Less than a month away from Election Day and three months out from the start of the legislative session, it’s not too early to start jotting down the to-do list for state senators and representatives. You can do this on a post-it note:
No. 1. Fully fund education.
No. 2. Fund and pass a transportation package.
No. 3. See Nos. 1 and 2.
Just in case the threat of a contempt-of-court charge from the state Supreme Court isn’t enough motivation, the Washington Roundtable, a public policy organization focused on the state’s business environment, recently published its annual report, Benchmarks for a Better Washington. The benchmarks are a list of measurements that address education, transportation and business, ranking the state against the other 49.
It’s a mixed report card.
In terms of business climate, Washington ranks first in the nation for lowest commercial and industrial electricity rates, up from No. 3 a year ago. And it’s 13th in terms of private sector job creation. The next few steps are a bit of a doozy: It ranks 33rd for business tax burden, 44th for unemployment insurance taxes and 50th for workers’ compensation costs.
Likewise, education and innovation have their highs and lows: The state ranks fifth for number of patents generated, sixth in student math achievement and 18th for student science achievement. But we rank in the bottom half of states for our high school graduation rate (32nd) and the number of bachelor’s degrees awarded per capita (38th).
Washington can’t count itself among leading states in transportation: It’s 36th for road conditions, dropping from 29th last year; 38th for average commute time and 41st for bridge conditions. The last one shouldn’t surprise anyone after the May 23, 2013, collapse of I-5’s bridge over the Skagit River, which was classified as functionally obsolete prior to its collapse. A full 21 percent of all bridges in the state are considered functionally obsolete.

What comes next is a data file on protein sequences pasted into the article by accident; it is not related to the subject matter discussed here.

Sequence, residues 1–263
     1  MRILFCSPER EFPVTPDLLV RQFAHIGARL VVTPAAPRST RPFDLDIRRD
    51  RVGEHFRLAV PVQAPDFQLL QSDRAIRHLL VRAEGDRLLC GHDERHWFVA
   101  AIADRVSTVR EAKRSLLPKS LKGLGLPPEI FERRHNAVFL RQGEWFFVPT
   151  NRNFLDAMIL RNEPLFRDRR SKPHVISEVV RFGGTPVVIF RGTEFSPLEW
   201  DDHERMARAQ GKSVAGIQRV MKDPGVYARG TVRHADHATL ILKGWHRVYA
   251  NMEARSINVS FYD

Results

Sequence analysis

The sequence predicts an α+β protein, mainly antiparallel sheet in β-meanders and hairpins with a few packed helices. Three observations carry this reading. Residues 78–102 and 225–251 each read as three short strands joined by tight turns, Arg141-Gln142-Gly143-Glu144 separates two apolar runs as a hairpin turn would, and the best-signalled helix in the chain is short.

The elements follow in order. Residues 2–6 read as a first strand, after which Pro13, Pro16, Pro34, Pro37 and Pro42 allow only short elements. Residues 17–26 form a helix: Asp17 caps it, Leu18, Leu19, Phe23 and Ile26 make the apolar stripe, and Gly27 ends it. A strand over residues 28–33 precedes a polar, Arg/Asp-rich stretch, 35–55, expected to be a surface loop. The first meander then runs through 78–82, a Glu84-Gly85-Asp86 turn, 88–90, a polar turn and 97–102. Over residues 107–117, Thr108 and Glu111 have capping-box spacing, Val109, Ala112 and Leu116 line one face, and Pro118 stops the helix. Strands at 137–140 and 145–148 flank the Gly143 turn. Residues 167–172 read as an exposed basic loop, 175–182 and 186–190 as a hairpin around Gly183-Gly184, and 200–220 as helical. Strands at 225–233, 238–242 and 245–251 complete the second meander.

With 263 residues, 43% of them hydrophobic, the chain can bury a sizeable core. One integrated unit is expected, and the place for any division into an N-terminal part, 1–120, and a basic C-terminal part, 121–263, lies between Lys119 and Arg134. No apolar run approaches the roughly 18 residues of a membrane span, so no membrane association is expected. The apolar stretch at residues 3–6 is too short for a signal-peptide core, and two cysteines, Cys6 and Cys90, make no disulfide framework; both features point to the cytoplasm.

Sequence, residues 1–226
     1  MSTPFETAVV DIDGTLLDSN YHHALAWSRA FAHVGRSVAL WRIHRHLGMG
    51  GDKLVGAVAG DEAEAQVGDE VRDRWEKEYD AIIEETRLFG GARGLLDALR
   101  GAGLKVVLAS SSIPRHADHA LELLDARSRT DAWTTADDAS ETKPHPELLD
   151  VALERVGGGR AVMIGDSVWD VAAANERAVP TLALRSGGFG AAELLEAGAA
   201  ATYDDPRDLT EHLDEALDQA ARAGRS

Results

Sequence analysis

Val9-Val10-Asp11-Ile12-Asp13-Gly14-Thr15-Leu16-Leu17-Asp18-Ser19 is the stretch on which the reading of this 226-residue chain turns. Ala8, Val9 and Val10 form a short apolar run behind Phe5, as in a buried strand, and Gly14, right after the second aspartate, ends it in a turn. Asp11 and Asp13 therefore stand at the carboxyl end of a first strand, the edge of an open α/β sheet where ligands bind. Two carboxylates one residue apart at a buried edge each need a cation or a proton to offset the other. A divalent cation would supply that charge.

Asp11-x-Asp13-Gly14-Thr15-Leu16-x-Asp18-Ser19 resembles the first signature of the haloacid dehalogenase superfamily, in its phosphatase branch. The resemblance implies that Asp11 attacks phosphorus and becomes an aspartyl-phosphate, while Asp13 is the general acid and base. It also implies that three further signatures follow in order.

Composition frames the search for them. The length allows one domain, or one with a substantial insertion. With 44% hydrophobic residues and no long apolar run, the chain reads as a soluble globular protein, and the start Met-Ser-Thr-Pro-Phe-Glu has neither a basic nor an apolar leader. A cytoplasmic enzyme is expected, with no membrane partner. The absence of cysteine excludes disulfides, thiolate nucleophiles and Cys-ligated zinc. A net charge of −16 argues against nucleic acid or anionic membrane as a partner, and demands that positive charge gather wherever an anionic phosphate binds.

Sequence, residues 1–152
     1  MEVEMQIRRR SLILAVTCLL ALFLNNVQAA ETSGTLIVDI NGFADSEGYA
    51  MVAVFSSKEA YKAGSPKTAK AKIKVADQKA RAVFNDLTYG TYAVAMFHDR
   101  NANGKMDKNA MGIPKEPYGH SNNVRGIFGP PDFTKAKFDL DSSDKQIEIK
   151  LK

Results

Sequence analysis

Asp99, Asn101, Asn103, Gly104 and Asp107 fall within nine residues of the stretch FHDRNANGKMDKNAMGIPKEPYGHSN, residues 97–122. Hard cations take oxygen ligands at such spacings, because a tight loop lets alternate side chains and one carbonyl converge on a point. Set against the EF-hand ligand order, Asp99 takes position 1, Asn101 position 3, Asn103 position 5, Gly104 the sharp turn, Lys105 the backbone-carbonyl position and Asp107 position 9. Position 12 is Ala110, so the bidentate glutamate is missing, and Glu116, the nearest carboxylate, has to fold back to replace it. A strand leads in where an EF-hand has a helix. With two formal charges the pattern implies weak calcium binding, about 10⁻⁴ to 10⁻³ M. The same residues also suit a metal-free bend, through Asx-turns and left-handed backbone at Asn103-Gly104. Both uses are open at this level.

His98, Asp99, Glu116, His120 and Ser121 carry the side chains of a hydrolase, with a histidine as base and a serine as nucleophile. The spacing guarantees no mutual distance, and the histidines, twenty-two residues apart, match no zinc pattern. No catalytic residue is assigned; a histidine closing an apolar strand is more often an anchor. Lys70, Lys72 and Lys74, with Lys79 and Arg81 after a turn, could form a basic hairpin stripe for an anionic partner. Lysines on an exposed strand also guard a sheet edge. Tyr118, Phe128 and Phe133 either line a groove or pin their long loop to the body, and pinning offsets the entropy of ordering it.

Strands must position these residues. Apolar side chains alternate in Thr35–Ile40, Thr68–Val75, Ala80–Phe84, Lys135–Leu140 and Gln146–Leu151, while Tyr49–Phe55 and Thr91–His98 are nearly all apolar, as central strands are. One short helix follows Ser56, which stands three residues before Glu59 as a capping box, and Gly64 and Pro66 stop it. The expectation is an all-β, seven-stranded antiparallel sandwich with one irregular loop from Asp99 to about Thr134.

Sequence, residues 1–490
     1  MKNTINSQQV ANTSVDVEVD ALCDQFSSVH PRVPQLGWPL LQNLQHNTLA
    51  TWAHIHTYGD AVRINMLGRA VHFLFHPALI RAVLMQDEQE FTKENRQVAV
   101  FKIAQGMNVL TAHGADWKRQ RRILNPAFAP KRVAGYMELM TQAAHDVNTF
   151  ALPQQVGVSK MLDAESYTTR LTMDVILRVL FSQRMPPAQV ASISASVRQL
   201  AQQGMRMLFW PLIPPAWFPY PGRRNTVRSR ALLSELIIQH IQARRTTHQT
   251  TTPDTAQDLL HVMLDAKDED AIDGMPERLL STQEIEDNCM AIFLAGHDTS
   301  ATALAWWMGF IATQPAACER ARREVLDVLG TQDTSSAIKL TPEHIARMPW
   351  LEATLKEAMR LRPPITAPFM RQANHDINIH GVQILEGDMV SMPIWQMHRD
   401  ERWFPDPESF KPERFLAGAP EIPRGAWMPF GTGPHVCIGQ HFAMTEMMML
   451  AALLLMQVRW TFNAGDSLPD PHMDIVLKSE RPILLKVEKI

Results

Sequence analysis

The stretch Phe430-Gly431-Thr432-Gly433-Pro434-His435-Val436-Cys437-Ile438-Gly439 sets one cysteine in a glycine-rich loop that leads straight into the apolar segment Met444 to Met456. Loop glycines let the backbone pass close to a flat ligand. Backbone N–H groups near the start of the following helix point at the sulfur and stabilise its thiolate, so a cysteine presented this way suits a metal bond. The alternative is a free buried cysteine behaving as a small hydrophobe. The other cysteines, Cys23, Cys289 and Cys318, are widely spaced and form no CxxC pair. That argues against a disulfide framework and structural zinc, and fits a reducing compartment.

Steven Mullin, Washington Roundtable president, said he’d like to see some legislative action on the other business climate benchmarks, but the real urgency is on education and transportation.
Which brings us back to that post-it note.
The Legislature must find an estimated $2 billion, presumably a mixture of savings and new revenue, to satisfy the state’s chief mandate to fully fund education as outlined in the Supreme Court’s McCleary decision.
The Legislature was unable in its 2014 session — truthfully, the Senate was unable — to pass an $8 billion transportation package that included a gas tax and motor vehicle taxes that would have funded major highway improvements and maintenance and transit projects.
Getting both done will require compromise, a willingness by Democrats and Republicans, House and Senate, to give on this to get that.
Checking education and transportation off that to-do list should do a lot to start budging those benchmark numbers up and making the state more attractive to businesses that can create and keep jobs here.
Now, after the election, take that post-it note and hand it to the nearest legislator.